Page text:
Court of Criminal Appeals of Tennessee, Knoxville
Assigned on Briefs November 28, 2017
from the Criminal Court for Hamilton County No. 292497 Thomas
C. Greenholtz, Judge.
Hamilton County jury convicted the Defendant, Rodney
Jennings, of second degree murder, and the trial court
sentenced him to serve twenty-five years in the Tennessee
Department of Correction. The Defendant appeals, asserting:
(1) the trial court improperly allowed into evidence
testimony concerning the Defendant's gang affiliation and
the Defendant's 2013 domestic assault conviction; (2) the
State improperly impeached the Defendant during
cross-examination; and (3) the evidence is insufficient to
support his conviction. After review, we affirm the trial
R. App. P. 3 Appeal as of Right; Judgment of the Criminal
Jennings (on appeal), pro se, Hartsville, Tennessee; Brandy
Spurgin and Brian Pearce (at trial), Chattanooga, Tennessee,
for the appellant, Rodney Jennings.
Herbert H. Slatery III, Attorney General and Reporter; Renee
W. Turner, Senior Counsel; M. Neal Pinkston, District
Attorney General; Cameron Williams and Kristen D. Spires,
Assistant District Attorneys General, for the appellee, State
W. Wedemeyer, J., delivered the opinion of the court, in
which Thomas T. Woodall, P.J., and J. Ross Dyer, J., joined.
W. WEDEMEYER, JUDGE.
case arises from a domestic dispute over visitation with the
Defendant and Cheslei Thompson's children, which resulted
in the Defendant shooting and killing Ms. Thompson's
cousin, Raphael White. A grand jury indicted the Defendant
for second degree murder and possession of a firearm with a
violent felony conviction. One of the issues the Defendant
raises on appeals is the admission of testimony about a 2013
domestic assault. As such, we separately summarize the
testimony from the 404(b) hearing before providing the
summary of the trial testimony.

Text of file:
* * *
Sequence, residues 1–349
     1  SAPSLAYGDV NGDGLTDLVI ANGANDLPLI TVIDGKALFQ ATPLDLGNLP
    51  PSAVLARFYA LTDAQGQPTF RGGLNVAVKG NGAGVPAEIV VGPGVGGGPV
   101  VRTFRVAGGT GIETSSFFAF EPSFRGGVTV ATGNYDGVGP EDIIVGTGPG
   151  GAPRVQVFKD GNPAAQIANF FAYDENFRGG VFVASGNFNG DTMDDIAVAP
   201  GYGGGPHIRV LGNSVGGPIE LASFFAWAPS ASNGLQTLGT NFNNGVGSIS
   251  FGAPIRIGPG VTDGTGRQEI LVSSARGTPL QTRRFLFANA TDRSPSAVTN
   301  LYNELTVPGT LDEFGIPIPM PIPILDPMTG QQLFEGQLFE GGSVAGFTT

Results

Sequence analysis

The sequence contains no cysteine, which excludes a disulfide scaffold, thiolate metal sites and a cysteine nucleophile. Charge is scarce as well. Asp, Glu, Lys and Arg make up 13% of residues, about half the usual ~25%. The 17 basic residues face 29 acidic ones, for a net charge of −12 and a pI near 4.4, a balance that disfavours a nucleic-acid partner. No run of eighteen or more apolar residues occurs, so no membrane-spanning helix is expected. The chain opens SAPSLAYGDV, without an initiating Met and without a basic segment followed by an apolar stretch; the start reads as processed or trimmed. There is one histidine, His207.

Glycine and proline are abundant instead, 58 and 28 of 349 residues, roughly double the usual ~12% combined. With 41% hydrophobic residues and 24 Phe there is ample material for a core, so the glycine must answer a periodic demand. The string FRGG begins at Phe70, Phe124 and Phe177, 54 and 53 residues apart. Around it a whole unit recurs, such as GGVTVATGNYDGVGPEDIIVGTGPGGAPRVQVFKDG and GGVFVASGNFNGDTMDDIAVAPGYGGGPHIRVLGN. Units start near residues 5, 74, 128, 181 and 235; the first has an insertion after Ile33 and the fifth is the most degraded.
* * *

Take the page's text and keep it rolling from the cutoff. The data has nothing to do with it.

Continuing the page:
State sought to introduce proof of a June 2013 domestic
assault conviction, involving Ms. Thompson and the
Defendant's children. The State submitted that the
evidence was relevant to show the Defendant's intent
related to the second degree murder charge, demonstrating
similarities between the 2013 episode and the 2014 shooting.
The State, through Jean Rogers, a Hamilton County 911 Record
Specialist, introduced two 911 calls made from a
neighbor's residence recorded at 1:11 a.m. on June 5,
2013. The defense, through the same witness, introduced two
911 calls placed from Waffle House on East 23rd
Street. These calls were made by a man who identified himself
as "Rodney" at 4:22 a.m. and 5:02 a.m. on June 5,
Angel, a Chattanooga Police Department officer, testified
that, in June 2013, he was dispatched to a residence on
6th Avenue in Chattanooga, Tennessee, at
approximately 1:30 a.m. When he arrived, he observed a
female, Ms. Thompson, outside who appeared "very
hysterical." There was blood "all over her, "
and he noticed a broken window on the front of the apartment.
Ms. Thompson explained to the officer that her
"child's father, " later identified as the
Defendant, had broken the window and there was "some
kind of struggle" during which she was cut on the broken
glass. The Defendant made entry but fled prior to the
officer's arrival. Officer Angel testified that Ms.
Thompson had cuts on her forearms. He also observed two small
children inside the residence.
Angel testified that, within a couple hours of his initial
contact with Ms. Thompson, the Defendant arranged to turn
himself in to the police at a Waffle House parking lot
located on 23rd Street. On cross-examination,
Officer Angel was asked about whether there was "a lot
of gang activity" in the 6th Avenue apartment
complex, and he replied, "Sure."
Thompson testified that she and the Defendant had been in a
relationship and had two children together. The couple had
never married but had lived together intermittently. Ms.
Thompson explained that the Defendant lived with her at the
6thAvenue residence for "a couple of
months" before he moved out due to an argument. In June
2013, after the Defendant had moved out, he returned to
"visit." During the visit, a Chattanooga Housing
Authority employee appeared at the residence and issued the
Defendant a citation for "yelling in [Ms.
Thompson's] face" and banned the Defendant from the
Thompson testified that several days later, on June 5, 2013,
a friend of hers was spending the night. She recalled that
Kionna Glenn and Ms. Thompson's two children were
at the residence that night when the Defendant came to the
door. Ms. Glenn let the Defendant inside and, once inside, he
instigated an argument with Ms. Thompson. The Defendant and
Ms. Thompson were in an upstairs bedroom with their children,
and the Defendant accused Ms. Thompson of engaging in a
sexual relationship with Kionna. The argument escalated to an
assault during which the Defendant hit and pushed Ms.
Thompson. The Defendant and Ms. Thompson moved their
altercation downstairs where the Defendant hit Kionna. The
children began crying, and the Defendant grabbed their older